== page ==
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"A great book begins with an idea; a great life, with a determination." Thus begins Louis L'Amour's Education of a Wandering Man, which details L'Amour's autodidactic pursuits. L'Amour's work is a treasure. His writing displays the kind of storytelling that infuses his novels, but here he explains what L'Amour discusses not only his own work, but the writers who most influenced him. In fact, the majority of this book is about his reading life. He believes that a good writer begins life as an avid reader, and that to read broadly is what makes someone a good storyteller. In this, his most personal book ever, L'Amour writes of growing up in Jamestown, North Dakota, of the parents who instilled in him a love of the printed and spoken word, and of his decision to leave school at fifteen to make the world his classroom. While his contemporaries attended high school, L'Amour skinned cattle in Texas, worked as a circus roustabout and a mine caretaker, won small-town prizefighting exhibitions, hoboed across Texas on the Southern Pacific, and shipped out to the West Indies, England, and Singapore as a merchant seaman. Wherever he wandered, his pockets were always bulging with books. Ever both teacher and storyteller, Louis L'Amour makes his education our education, in a book filled with glorious asides on everything from hobo culture to the fate of Butch Cassidy. Here is a testament-part memoir, part reflection-in which the author bequeaths to us a most wonderful legacy of the "education of a wandering man": a life lived to the fullest through the never-ending quest for knowledge For an educator, what more could a teacher want from a student-one who is accountable and takes control of their own learning as seen by the following quotes: p. 3 - Education should provide the tools for a widening and deepening of life, for increased appreciation of all one sees or experiences. It should equip a person to live life well one must live with awareness. - No one can 'get' an education, for of necessity education is a continuing process. If it does nothing else, it should provide students with the tools for learning, acquaint them with the methods of study and research, methods of pressuring an idea. We can only hope they come upon an idea they wish to pursue. p.4 - Education depends on the quality of the teacher, not the site or beauty of the buildings - nor, I might add, does it depend on the winning record of the football team, and I like football p. 74 - Acquiring an education has many aspects, of which school is only one, and the present approach is, I believe the wrong one. Without claiming to have all of the answers, I can only express my feeling that our methods of instruction do much to hamper learning. Our approach is pedestrian. We teach a child to creep when he should be running; education becomes a task rather than excitement (a means to an end when there should never be an end). Yet each of us can remember one or two teachers who made learning an adventure, which it surely is. p. 74 - Personally, I believe children should be taught to see, to observe, and to subject what they have seen to analysis, and this in the earliest grades. p. 74 - Very young children will often learn a difficult subject easily unless someone tells them that is 'hard'. (I fear this is contagious and also spreads through peer relationships) p. 75 - I studied purely for the love of learning, wanting to know and understand. For a writer, of course, everything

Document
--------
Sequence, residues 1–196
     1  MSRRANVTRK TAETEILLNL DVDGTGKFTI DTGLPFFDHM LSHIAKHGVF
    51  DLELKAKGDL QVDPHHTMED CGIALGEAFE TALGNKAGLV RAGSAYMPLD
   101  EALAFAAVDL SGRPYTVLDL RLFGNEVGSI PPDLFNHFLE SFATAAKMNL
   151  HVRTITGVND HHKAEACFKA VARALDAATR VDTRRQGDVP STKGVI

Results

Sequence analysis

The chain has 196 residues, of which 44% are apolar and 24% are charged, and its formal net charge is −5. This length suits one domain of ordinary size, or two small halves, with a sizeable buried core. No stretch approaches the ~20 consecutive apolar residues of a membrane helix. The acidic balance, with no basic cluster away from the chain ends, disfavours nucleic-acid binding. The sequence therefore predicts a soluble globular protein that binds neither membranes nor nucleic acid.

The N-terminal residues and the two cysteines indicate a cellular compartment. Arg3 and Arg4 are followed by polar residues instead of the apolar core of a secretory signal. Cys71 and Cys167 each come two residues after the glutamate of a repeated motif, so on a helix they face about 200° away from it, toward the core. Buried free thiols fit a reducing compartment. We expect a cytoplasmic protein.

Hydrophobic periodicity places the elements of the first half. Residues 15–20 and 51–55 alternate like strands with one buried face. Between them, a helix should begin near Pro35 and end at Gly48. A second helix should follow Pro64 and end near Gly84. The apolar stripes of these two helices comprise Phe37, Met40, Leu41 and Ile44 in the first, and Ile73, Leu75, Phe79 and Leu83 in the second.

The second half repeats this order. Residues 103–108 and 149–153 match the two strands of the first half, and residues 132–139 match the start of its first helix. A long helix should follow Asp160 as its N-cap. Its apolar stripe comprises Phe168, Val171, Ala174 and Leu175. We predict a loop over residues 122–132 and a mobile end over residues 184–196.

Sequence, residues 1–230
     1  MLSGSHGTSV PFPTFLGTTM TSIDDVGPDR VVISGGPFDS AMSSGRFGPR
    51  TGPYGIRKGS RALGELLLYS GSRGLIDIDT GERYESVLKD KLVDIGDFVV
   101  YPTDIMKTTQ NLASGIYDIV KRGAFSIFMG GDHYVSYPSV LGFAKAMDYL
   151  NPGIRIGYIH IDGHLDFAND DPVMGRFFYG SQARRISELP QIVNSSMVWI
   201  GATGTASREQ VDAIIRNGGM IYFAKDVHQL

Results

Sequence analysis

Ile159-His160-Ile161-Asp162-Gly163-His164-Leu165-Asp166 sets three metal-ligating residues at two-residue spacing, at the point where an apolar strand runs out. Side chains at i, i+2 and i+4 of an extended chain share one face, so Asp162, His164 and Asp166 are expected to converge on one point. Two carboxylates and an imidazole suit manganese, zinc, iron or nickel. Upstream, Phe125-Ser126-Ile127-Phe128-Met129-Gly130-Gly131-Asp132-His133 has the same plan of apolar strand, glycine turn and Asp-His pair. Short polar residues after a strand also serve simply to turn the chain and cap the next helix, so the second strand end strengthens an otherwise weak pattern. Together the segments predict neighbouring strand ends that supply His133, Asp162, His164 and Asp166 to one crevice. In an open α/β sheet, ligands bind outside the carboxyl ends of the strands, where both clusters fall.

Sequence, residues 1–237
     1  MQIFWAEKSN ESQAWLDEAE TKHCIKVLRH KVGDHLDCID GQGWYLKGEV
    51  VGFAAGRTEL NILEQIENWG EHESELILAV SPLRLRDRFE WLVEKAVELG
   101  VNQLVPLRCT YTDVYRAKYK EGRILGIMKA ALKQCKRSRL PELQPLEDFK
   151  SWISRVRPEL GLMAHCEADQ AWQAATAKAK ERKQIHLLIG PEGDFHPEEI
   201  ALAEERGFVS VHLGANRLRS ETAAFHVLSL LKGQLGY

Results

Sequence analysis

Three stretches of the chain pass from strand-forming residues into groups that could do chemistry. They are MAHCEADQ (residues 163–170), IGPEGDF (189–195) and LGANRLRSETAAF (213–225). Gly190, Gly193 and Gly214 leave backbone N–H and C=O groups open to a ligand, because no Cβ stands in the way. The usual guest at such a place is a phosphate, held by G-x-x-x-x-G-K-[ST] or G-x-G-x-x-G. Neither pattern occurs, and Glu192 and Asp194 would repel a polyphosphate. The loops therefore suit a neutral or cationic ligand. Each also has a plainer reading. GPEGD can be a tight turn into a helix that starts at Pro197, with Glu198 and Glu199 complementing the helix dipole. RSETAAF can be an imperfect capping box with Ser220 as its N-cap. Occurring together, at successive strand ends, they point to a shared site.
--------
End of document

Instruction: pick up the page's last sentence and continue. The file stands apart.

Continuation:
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russell threet More than 1 year ago
I really enjoyed this book. After reading his books for years it wa nice to see the background he came from.